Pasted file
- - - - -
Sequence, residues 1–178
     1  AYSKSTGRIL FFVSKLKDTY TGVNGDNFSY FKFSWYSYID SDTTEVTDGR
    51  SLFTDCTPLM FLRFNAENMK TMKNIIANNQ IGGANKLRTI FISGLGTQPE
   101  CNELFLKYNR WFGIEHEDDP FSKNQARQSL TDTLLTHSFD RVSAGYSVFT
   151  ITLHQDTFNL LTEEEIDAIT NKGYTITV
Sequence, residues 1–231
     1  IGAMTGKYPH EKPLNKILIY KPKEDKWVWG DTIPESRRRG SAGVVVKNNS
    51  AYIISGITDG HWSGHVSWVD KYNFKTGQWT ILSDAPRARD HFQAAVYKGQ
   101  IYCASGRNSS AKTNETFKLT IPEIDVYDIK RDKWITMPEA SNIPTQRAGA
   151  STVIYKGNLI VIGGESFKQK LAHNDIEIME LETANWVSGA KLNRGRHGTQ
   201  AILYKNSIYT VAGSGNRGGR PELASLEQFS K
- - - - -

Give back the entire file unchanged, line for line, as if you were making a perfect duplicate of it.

Sequence, residues 1–178
     1  AYSKSTGRIL FFVSKLKDTY TGVNGDNFSY FKFSWYSYID SDTTEVTDGR
    51  SLFTDCTPLM FLRFNAENMK TMKNIIANNQ IGGANKLRTI FISGLGTQPE
   101  CNELFLKYNR WFGIEHEDDP FSKNQARQSL TDTLLTHSFD RVSAGYSVFT
   151  ITLHQDTFNL LTEEEIDAIT NKGYTITV
Sequence, residues 1–231
     1  IGAMTGKYPH EKPLNKILIY KPKEDKWVWG DTIPESRRRG SAGVVVKNNS
    51  AYIISGITDG HWSGHVSWVD KYNFKTGQWT ILSDAPRARD HFQAAVYKGQ
   101  IYCASGRNSS AKTNETFKLT IPEIDVYDIK RDKWITMPEA SNIPTQRAGA
   151  STVIYKGNLI VIGGESFKQK LAHNDIEIME LETANWVSGA KLNRGRHGTQ
   201  AILYKNSIYT VAGSGNRGGR PELASLEQFS K